But Ms. Spagnola's Power Hours almost stopped forever when Steve Roose, a casual business acquaintance of Ms. Spagnola's and a fellow Power Hour entrepreneur, sent her a cease-and-desist letter in fall 2009 claiming a trademark of the term "Power Hour" as well as a copyright in connection with software and DVDs.
"I thought we were buddies," Ms. Spagnola said. "I thought we could talk it out."
Before sending the letters, Mr. Roose had reached out to Ms. Spagnola to help sell her "Power Hour Album" through his website, powerhourgame.com.
Their business relationship quickly soured, however, when Mr. Roose claimed the trademark and got online services, such as Amazon and Rhapsody, to stop distributing her music.
She decided to challenge the trademark, taking on the legal cause of all Power Hour website hosts who received a version of Mr. Roose's letter. And there are many of them out there, judging by a Google search of the term.
Mr. Roose did not respond to multiple requests for comment for this story.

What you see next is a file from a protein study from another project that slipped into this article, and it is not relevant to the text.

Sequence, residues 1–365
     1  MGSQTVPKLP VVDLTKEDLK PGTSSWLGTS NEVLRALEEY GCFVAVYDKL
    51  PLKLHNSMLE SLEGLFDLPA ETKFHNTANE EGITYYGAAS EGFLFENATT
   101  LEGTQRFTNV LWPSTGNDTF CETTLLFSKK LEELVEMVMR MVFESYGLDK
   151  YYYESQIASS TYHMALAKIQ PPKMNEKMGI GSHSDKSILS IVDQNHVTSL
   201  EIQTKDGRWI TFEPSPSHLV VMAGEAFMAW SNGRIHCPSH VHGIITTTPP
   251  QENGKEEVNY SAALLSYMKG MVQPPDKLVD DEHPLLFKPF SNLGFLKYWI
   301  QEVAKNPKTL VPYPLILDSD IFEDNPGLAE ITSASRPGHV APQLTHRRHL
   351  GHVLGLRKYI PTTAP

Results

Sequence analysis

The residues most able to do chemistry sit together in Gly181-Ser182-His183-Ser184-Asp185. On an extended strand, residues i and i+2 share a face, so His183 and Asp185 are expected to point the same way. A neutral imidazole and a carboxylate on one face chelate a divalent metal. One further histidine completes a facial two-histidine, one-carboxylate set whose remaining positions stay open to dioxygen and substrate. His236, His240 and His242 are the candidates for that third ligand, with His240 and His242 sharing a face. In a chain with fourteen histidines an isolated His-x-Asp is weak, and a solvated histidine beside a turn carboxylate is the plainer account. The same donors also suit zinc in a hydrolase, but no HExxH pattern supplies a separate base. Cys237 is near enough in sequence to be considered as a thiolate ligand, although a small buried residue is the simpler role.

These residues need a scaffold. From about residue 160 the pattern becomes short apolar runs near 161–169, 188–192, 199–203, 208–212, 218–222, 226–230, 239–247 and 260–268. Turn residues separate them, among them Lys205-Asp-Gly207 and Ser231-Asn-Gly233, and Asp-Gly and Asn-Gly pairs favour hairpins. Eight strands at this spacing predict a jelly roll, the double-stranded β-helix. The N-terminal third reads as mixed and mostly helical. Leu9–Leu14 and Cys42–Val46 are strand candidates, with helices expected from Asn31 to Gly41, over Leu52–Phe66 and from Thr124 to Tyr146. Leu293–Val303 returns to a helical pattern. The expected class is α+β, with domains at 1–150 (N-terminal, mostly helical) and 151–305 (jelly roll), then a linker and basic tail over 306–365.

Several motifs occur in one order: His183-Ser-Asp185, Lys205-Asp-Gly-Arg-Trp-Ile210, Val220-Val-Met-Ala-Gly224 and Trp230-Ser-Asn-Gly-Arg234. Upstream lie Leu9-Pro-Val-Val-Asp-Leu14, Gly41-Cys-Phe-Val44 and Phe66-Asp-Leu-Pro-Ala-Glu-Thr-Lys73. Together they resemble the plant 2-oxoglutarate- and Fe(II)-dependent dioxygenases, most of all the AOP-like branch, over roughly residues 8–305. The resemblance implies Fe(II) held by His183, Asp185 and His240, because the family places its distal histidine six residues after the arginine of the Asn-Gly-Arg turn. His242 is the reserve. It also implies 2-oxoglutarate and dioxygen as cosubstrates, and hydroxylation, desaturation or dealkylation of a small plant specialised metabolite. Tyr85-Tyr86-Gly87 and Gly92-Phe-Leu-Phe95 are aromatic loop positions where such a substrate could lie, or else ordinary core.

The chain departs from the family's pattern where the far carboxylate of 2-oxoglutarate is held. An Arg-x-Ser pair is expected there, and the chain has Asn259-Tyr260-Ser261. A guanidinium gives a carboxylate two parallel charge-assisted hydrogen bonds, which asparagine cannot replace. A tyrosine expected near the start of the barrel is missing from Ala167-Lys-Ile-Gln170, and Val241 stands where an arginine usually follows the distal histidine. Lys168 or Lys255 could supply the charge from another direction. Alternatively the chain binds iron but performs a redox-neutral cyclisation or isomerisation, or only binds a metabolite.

When asked why she thought Power Hour was worth fighting for, Ms. Spagnola said, "I went back and forth a lot about it ... even now I think, 'What was I thinking?' "
She ended up plunging into the complicated field of trademark law.
One of the main questions was, how could Mr. Roose register a trademark of a phrase already in use by so many in connection with the popular drinking game?
The answer to that depends on whether the trademark is distinctive, meaning specific to a particular good or service.
According to Michael Madison, a University of Pittsburgh law professor who specializes in intellectual property, the U.S. Patent and Trademark Office doesn't typically have the resources to thoroughly research the tens of thousands of applications it gets each year.